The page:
• [0065]
    The method of forming fine-line patterns according to the second aspect of the invention comprises the steps of covering a substrate having photoresist patterns thereon with either of the first and second types of the above-described over-coating agent for forming fine patterns, then applying heat treatment to shrink the applied over-coating agent under the action of heat so that the spacing between the adjacent photoresist patterns is reduced, and subsequently removing the applied film of the over-coating agent substantially completely.
  • [0066]
    The method of preparing the substrate having photoresist patterns thereon is not limited to any particular type and it can be prepared by conventional methods employed in the fabrication of semiconductor devices, liquid-crystal display devices, magnetic heads and microlens arrays. In an exemplary method, a photoresist composition of chemically amplifiable or other type is spin- or otherwise coated on a substrate such as a silicon wafer and dried to form a photo-resist layer, which is illuminated with an activating radiation such as ultraviolet, deep-ultraviolet or excimer laser light through a desired mask pattern using a reduction-projection exposure system or subjected to electron beam photolithography, then heated and developed with a developer such as an alkaline aqueous solution, typically a 1-10 mass % tetramethylammonium hydroxide (TMAH) aqueous solution, thereby forming a photoresist pattern on the substrate.
  • [0067]
    The photoresist composition serving as a material from which photoresist patterns are formed is not limited in any particular way and any common photoresist compositions may be employed including those for exposure to i- or g-lines, those for exposure with an excimer laser (e.g. KrF, ArF or F2) and those for exposure to EB (electron beams).
  • [0000]
    [a.] Over-Coating Agent Application Step
  • [0068]
    After thusly forming the photoresist pattern as a mask pattern, the over-coating agent for forming fine patterns is applied to cover entirely the substrate. After applying the over-coating agent, the substrate may optionally be pre-baked at a temperature of 80-100 C. for 30-90 seconds.
  • [0069]
    The over-coating agent may be applied by any methods commonly employed in the conventional heat flow process. Specifically, an aqueous solution of the over-coating agent for forming fine patterns is applied to the substrate by any known application methods including whirl coating with a spinner, etc.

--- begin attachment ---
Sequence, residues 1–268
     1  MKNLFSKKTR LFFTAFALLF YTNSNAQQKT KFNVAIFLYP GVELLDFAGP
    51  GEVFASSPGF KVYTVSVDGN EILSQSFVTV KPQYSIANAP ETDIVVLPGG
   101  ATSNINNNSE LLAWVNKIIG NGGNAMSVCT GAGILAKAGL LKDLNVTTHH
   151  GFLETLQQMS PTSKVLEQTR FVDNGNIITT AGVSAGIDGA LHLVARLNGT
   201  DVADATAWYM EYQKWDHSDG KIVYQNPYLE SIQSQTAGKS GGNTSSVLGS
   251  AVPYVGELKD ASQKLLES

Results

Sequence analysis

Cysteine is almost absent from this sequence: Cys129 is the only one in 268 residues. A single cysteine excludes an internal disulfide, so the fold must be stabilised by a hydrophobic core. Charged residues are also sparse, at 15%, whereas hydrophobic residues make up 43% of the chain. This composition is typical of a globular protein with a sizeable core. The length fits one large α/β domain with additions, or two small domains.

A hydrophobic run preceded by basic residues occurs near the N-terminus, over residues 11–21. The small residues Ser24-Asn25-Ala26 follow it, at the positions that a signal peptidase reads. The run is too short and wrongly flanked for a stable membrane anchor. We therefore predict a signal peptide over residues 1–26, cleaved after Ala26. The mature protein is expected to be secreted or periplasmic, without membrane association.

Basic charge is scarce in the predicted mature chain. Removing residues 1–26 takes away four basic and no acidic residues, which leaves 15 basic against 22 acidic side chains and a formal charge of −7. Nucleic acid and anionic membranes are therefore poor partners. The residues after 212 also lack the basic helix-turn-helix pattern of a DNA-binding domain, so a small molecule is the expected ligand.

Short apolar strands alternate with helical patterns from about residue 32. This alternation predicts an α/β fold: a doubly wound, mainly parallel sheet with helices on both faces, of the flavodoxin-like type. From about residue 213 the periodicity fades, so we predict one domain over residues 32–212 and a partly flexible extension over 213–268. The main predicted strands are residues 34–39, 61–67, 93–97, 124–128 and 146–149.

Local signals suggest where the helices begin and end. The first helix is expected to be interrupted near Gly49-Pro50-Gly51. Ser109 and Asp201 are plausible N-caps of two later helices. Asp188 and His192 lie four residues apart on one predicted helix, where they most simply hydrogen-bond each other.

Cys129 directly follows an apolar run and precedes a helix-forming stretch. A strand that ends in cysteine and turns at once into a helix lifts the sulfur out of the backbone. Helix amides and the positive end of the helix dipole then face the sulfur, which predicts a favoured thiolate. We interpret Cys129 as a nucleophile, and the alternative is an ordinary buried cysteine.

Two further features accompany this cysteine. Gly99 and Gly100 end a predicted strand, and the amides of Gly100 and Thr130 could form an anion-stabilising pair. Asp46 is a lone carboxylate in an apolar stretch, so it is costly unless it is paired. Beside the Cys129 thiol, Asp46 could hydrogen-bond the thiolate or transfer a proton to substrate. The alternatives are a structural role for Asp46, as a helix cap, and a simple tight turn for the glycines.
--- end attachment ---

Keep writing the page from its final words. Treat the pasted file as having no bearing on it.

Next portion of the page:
• [0000]
    [b.] Heat Treatment (Thermal Shrinkage) Step
  • [0070]
    In the next step, heat treatment is performed to cause thermal shrinkage of the film of the over-coating agent. Under the resulting force of thermal shrinkage of the film, the dimensions of the photoresist pattern in contact with the film will increase by an amount equivalent to the thermal shrinkage of the film and, as the result, the photoresist pattern widens and accordingly the spacing between the adjacent photoresist patterns lessens. The spacing between the adjacent photoresist patterns determines the diameter or width of the patterns to be finally obtained, so the decrease in the spacing between the adjacent photoresist patterns contributes to reducing the diameter of each element of hole patterns or the width of each element of trench patterns, eventually leading to the definition of a pattern with smaller feature sizes.
  • [0071]
    The heating temperature is not limited to any particular value as long as it is high enough to cause thermal shrinkage of the film of the over-coating agent and form or define a fine pattern. Heating is preferably done at a temperature that will not cause thermal fluidizing of the photo-resist pattern. The temperature that will not cause thermal fluidizing of the photoresist pattern is such a temperature that when a substrate on which the photoresist pattern has been formed but no film of the over-coating agent has been formed is heated, the photoresist pattern will not experience any dimensional changes (for example, dimensional changes due to spontaneously fluidized deforming). Performing a heat treatment under such temperature conditions is very effective for various reasons, e.g. a fine-line pattern of good profile can be formed more efficiently and the duty ratio in the plane of a wafer, or the dependency on the spacing between photoresist patterns in the plane of a wafer, can be reduced.
  • [0072]
    Considering the softening points of a variety of photo-resist compositions employed in current photolithographic techniques, the preferred heat treatment is usually performed within a temperature range of about 80-160 C. for 30-90 seconds, provided that the temperature is not high enough to cause thermal fluidizing of the photoresist.
  • [0073]
    The thickness of the film of the over-coating agent for the formation of fine-line patterns is preferably just comparable to the height of the photoresist pattern or high enough to cover it.
  • [0000]
    [c.] Over-Coating Agent Removal Step
  • [0074]
    In the subsequent step, the remaining film of the over-coating agent on the patterns is removed by washing with an aqueous solvent, preferably pure water, for 10-60 seconds. Prior to washing with water, rinsing may optionally be performed with an aqueous solution of alkali (e.g. tetramethyl-ammonium hydroxide (TMAH) or choline). The over-coating agent of the present invention is easy to remove by washing with water and it can be completely removed from the substrate and the photoresist pattern.
  • [0075]
    As a result, each pattern on the substrate has a smaller feature size because each pattern is defined by the narrowed spacing between the adjacent widened photoresist patterns.
  • [0076]